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Why diamonds are NOT a girl's best friend

Last updated on: April 19, 2011 12:45 IST

Why diamonds are NOT a girl's best friend

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Shonalee Biswas


'Diamonds are a girl's best friend' sang the sexy Marilyn Monroe in the hit movie Gentlemen Prefer Blondes.

And since then women the world over have fallen more in love with the 'precious' stone.

But are diamonds really worth the price they are made out to be for? Or for that matter does it really make sense to buy diamonds at all? What is it that makes them so expensive?

To know answers to these questions read on . . .

Click NEXT to read on . . . 

The author can be reached at shonalee.biswas@gmail.com


Photographs: Reuters
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Buying diamonds is easy, selling them is not

Well, as long as you have money in the pocket, diamonds are available over the counter. But what if, someday a financial emergency arises and you need to sell them?

Selling diamonds is nowhere as easy as selling gold or silver, for that matter. A lot of jewellers do not buy back diamonds that are not sold by them. Also in most cases they offer 75-85 per cent of the diamond price for the day.

So the question to ask here is why don't jewellers buy back diamonds not sold by them? The answer to this is very simple. Ascertaining whether a diamond is really a diamond is an expert's job. This is something that cannot be really ascertained over the counter as is the case with gold.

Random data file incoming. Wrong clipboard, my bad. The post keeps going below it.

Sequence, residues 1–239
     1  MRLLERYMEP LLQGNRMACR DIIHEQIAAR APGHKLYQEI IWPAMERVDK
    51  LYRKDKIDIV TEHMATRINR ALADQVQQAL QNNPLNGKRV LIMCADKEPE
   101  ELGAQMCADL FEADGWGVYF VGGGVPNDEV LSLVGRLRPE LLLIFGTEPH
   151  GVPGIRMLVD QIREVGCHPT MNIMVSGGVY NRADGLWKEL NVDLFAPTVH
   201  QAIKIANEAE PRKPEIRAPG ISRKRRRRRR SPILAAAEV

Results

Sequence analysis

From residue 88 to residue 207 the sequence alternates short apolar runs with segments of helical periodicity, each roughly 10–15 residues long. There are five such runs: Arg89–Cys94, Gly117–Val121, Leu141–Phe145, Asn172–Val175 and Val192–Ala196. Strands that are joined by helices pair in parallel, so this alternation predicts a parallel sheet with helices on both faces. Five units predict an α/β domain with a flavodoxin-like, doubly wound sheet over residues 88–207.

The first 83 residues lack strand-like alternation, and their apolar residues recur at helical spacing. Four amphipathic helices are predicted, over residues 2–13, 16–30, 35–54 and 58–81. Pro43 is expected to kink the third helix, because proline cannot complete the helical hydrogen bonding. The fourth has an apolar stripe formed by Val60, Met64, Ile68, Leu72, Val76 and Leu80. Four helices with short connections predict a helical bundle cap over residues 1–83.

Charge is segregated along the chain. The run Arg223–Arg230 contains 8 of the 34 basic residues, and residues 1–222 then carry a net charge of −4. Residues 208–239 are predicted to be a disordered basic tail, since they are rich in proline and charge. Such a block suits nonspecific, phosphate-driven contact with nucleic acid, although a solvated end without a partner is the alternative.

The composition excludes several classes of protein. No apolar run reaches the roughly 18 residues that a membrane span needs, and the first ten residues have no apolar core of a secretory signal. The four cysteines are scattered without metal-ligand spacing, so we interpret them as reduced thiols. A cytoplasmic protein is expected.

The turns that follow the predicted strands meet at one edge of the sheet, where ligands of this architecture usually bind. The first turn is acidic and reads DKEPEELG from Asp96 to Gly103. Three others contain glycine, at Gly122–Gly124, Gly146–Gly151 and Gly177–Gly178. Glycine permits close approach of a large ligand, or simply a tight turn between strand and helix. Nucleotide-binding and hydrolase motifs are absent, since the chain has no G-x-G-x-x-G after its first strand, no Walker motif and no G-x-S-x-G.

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Given that, the safest way to work is to just decide not to buy back anything that you have not sold.

Also, even if a jeweller does agree to buy back a diamond he may do so on the condition that you buy another diamond of a higher or at least the similar variant from him. Chances are you may not be able to buy gold jewellery by selling diamonds.

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What is the price of a diamond?

Gold has a daily price. So has silver. So if you go to buy or sell gold, you are most likely to get a price around that daily price.

But in case of diamond there is no standardised pricing. There is something known as the Rapaport Report, a weekly publication issued to jewellers. This clearly puts out the price of diamonds based on what are known as the 5Cs -- carat, clarity, colour, cost and cut.

But this list is not available to the customer. So the customer has no clue of what the diamond price is on a given day.

Also grading diamonds becomes very difficult once they are cut and set in jewellery. The best time to detect the colour and clarity of a diamond is when it is lose.

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Due to these reasons when you go to a jeweller to sell a diamond you have absolutely no idea of the price he is going to offer.

Diamond prices have been flat

Over the years, diamond prices haven't gone anywhere. In fact, diamond prices have been more or less flat over the last five years. And we all know the humongous return that gold and silver have given during the same time period.

But what is it that has kept diamond prices flat?